This Baltimore agency ignites business for inventors - Technical.ly Baltimore

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Jun. 22, 2017 8:34 am

This Baltimore agency ignites business for inventors

John Cunningham formed License to Innovate last year to help inventors navigate the business world. Now he's bringing a compact camp stove to market.

nCamp's combustible stove is slated to be released in September.

(Courtesy photo)

In 20 years working at Stanley Black and Decker, John Cunningham saw a lot of inventors with good ideas. But when it came to getting a product into the marketplace to sell, there were challenges.

Figuring out a business plan, potentially licensing technology and just navigating the business world presented roadblocks. It’s the nitty gritty work that helps an invention turn into a money-maker.

When he left last year, he set out to help inventors.

“I wanted to be that champion for small businesses,” said Cunningham, who is from Dundalk. With his company License to Innovate (L2i), Cunningham is putting in place “a robust process for how to get that product to market.”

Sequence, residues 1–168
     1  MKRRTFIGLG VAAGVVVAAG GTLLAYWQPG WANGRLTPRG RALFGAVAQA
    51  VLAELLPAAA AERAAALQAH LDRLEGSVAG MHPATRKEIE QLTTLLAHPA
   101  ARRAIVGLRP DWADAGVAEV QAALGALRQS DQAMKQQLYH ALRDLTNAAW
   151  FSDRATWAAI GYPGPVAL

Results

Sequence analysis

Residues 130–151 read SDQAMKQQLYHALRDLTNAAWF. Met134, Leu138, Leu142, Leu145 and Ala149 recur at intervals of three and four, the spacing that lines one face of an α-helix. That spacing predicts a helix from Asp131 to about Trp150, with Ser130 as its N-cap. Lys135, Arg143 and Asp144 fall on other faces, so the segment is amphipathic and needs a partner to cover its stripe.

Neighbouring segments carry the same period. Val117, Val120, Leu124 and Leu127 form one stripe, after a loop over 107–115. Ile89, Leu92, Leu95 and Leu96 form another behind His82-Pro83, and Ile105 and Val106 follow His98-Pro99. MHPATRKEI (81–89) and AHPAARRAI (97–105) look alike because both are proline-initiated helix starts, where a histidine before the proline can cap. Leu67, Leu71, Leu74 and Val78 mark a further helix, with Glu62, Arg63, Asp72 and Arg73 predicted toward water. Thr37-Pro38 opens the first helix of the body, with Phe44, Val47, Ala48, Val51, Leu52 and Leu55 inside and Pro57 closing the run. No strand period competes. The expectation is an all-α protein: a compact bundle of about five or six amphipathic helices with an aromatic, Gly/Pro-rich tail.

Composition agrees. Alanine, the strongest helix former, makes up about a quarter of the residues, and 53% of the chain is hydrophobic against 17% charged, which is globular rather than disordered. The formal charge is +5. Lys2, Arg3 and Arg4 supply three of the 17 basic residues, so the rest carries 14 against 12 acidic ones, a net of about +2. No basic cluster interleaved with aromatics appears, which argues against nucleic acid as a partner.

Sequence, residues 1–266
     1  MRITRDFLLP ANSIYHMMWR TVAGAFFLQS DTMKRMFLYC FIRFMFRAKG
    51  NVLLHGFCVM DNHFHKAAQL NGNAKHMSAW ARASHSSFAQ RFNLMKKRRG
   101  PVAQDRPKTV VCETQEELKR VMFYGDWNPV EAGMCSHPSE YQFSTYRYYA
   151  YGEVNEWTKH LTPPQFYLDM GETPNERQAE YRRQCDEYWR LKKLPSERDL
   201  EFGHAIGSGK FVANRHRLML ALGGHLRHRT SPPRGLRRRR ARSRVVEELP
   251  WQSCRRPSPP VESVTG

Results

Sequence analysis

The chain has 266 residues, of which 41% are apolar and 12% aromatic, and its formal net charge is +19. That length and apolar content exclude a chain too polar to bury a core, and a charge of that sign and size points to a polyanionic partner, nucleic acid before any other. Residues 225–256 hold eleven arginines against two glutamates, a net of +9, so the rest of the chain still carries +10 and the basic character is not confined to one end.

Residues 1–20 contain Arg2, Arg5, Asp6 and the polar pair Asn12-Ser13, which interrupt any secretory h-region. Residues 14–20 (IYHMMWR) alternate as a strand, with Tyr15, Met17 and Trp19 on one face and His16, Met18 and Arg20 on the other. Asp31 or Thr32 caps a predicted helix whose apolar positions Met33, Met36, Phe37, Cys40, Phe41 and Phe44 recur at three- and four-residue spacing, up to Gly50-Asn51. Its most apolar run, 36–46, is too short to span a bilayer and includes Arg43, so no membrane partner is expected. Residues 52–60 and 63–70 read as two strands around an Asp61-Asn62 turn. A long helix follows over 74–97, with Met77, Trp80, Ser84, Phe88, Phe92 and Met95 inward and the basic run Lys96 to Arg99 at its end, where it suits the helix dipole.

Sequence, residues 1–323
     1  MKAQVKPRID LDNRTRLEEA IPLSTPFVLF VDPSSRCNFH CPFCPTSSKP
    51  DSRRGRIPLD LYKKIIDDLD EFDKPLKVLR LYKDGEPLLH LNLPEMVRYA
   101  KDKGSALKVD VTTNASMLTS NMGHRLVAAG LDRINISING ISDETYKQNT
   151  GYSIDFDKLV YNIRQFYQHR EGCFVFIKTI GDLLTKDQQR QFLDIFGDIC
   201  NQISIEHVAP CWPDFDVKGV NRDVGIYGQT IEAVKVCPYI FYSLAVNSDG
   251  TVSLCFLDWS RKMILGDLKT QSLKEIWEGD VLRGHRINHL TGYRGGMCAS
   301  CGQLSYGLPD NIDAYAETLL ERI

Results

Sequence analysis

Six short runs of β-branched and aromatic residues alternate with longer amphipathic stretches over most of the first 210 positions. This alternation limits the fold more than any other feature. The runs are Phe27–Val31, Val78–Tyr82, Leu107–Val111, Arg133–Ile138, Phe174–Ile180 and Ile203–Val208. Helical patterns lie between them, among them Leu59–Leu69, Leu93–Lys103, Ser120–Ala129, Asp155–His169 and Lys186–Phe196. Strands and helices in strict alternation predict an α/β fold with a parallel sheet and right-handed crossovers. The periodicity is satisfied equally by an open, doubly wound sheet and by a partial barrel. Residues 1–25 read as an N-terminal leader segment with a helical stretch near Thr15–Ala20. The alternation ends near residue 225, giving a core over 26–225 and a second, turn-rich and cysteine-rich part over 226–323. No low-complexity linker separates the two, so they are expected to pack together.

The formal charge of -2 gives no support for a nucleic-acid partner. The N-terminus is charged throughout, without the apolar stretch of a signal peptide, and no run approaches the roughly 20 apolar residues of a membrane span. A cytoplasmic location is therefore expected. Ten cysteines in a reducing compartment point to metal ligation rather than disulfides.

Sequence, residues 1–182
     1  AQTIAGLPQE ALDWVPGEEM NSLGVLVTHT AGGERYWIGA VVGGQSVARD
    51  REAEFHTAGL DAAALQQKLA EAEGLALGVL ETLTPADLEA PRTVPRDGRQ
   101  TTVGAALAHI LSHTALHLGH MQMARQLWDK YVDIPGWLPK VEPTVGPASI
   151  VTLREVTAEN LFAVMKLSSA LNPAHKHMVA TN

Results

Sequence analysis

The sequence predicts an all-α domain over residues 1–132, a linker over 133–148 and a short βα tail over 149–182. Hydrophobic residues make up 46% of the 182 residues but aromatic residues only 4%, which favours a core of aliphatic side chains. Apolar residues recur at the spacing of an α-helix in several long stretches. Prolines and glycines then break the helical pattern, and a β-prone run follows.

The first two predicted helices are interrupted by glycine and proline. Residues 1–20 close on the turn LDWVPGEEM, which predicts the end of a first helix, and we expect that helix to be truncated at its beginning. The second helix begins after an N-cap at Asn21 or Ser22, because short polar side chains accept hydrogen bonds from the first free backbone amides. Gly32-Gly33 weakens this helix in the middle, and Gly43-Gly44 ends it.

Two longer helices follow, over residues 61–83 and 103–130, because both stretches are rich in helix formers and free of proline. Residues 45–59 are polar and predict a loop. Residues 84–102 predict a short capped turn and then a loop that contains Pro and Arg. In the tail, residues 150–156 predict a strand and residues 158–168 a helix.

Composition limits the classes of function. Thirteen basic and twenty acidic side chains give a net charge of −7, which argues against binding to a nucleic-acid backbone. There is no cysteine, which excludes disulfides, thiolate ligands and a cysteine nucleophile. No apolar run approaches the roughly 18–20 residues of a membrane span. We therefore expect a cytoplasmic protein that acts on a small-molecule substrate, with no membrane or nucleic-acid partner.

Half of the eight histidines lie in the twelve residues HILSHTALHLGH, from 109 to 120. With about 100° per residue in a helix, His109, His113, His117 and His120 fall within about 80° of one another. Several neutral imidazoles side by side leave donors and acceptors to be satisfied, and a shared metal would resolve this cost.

He met one such inventor in Dan Cuffaro. The Cleveland-based industrial design professor and avid backpacker created a wood-burning camp stove that can collapse into the size of a paperback book.

“The core technology is a collapsable cylindrical combustion chamber,” he said, adding that it can burn twigs, which eliminates the need for fuel and the packaging that comes with it.

When it came to the business side, Cuffaro attempted to fund it on Kickstarter, but didn’t reach the goal to get it funded. He met Cunningham through a colleague, who shared his business-side expertise. Now, the two have a deal where Cuffaro continues to own the patents, and L2i has exclusive rights to run the business. It’s a bit like tech transfer from universities that we often cover, but for a different kind of product.

Since teaming up, work has been focused on refining the product, lining up production and setting up distribution, the stove is set to be released in September under the nCamp brand.

“It’s really unusual from a designer’s point of view to find the business guy who is willing to dive in like that. That resonates,” Cuffaro said.

In fact, they’re looking to build a pipeline of products.

“We’re trying to look at every experience, every touchpoint on the campsite and say, ‘How can we make it more compact? How can we elevate the experience and how can we reduce weight'”? Cuffaro said.

 

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